March 19, 2018
Hugo Sinha, a master’s student in the Department of Electrical and Computer Engineering at Concordia University in Montreal, Canada, is hoping to make automated CRISPR technology accessible to as many cancer researchers as possible. His vision is to “empower all cancer biologists to be able to program their gene editing experiments on their own benchtop instruments.” As one of the youngest presenters at SLAS2018 and an SLAS2018 Tony B. Academic Travel Award winner, Sinha presented his work in a podium presentation “Automating Gene Editing for Deciphering Cancer Pathways Using Microfluidics.”
Sinha makes the case for automating CRISPR-Cas9 (CRISPR) workflows on an affordable platform. “In cancer research, dealing with complex molecular pathways and implicating numerous gene suspects, researchers use gene editing in an iterative process and it is that fundamental aspect (many iterations) that is problematic,” he explains. “The issue is that we are looking for genes in a haystack, often addressed with automated robotics that can increase throughput but are burdened with high cost and expertise requirements, leaving smaller labs and start-ups to use manual interventions that are slow and prone to human error.” Sinha saw these limitations as inspiration to develop a miniaturized automated platform tailored to gene editing pipelines.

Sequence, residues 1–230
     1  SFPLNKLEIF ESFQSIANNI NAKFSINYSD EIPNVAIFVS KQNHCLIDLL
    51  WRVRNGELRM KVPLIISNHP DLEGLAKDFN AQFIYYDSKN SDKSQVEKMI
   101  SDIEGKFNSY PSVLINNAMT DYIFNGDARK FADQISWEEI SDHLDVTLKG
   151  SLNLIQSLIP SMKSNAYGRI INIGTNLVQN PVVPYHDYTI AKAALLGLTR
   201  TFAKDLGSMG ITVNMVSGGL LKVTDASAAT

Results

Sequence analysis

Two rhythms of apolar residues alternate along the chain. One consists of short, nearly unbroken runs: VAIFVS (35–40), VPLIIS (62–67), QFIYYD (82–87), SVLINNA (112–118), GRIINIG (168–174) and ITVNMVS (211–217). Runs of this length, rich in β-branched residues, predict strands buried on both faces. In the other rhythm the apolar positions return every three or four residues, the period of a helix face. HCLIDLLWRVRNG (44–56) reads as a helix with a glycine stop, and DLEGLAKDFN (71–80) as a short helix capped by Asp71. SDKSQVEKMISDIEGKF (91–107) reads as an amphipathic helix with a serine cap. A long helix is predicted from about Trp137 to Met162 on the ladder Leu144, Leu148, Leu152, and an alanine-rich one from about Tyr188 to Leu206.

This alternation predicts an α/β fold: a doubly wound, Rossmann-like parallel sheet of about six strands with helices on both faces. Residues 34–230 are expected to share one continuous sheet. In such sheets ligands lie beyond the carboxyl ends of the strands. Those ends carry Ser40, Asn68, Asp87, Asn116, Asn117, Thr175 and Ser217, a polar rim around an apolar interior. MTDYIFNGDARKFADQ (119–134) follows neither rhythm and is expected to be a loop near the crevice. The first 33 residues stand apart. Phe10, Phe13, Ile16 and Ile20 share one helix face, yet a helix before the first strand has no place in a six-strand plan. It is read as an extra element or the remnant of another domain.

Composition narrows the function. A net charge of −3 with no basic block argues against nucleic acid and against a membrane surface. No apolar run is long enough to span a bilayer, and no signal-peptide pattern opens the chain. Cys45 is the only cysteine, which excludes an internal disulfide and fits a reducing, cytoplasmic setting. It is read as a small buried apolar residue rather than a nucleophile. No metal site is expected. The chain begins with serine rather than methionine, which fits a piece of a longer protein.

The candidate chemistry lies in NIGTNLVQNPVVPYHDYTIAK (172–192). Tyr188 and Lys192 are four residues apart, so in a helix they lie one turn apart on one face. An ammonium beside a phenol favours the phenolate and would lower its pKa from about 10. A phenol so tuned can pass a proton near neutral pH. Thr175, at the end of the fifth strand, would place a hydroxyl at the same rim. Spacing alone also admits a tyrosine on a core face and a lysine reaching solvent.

As presented at SLAS2018, highlights of his digital microfluidics system include:
“CRISPR is the most popular technique in use today for gene editing due to the ease of customizing it to many tasks,” Sinha says. “Its broad applicability has produced a recent surge in publications with no signs of slowing down.” A PubMed search quickly reveals the truth in that statement. Furthermore, in a recent paper reviewing applications of CRISPR in cancer biology, the authors conclude “Ever since the Doudna and Charpentier groups demonstrated the potential of the CRISPR-Cas9 system as a powerful RNA-programmed gene editing platform , the field of genome engineering has rapidly undergone a scientific revolution that promises to transform nearly every aspect of basic biological and biomedical research.” In fact, Sinha pointed out a paper published this January, that reports on how researchers “have modified the Cas9 enzyme (named xCas9) to make it more specific compared with the standard Cas9 enzyme.”
“CRISPR works like a pair of scissors to cut, insert or reorder specific genetic fragments, creating changes in the biological cell that can then be studied to better understand gene function,” Sinha explains. “Scientists can target gene suspects in metabolic pathways, alter them and evaluate the resultant phenotype arising from genomic disruption.” Some of the benefits and challenges of CRISPR are reviewed in this SLAS paper in which the author notes the system “has now been widely adopted by the entire life science community, and novel applications of the CRISPR systems are appearing at a breakneck pace.”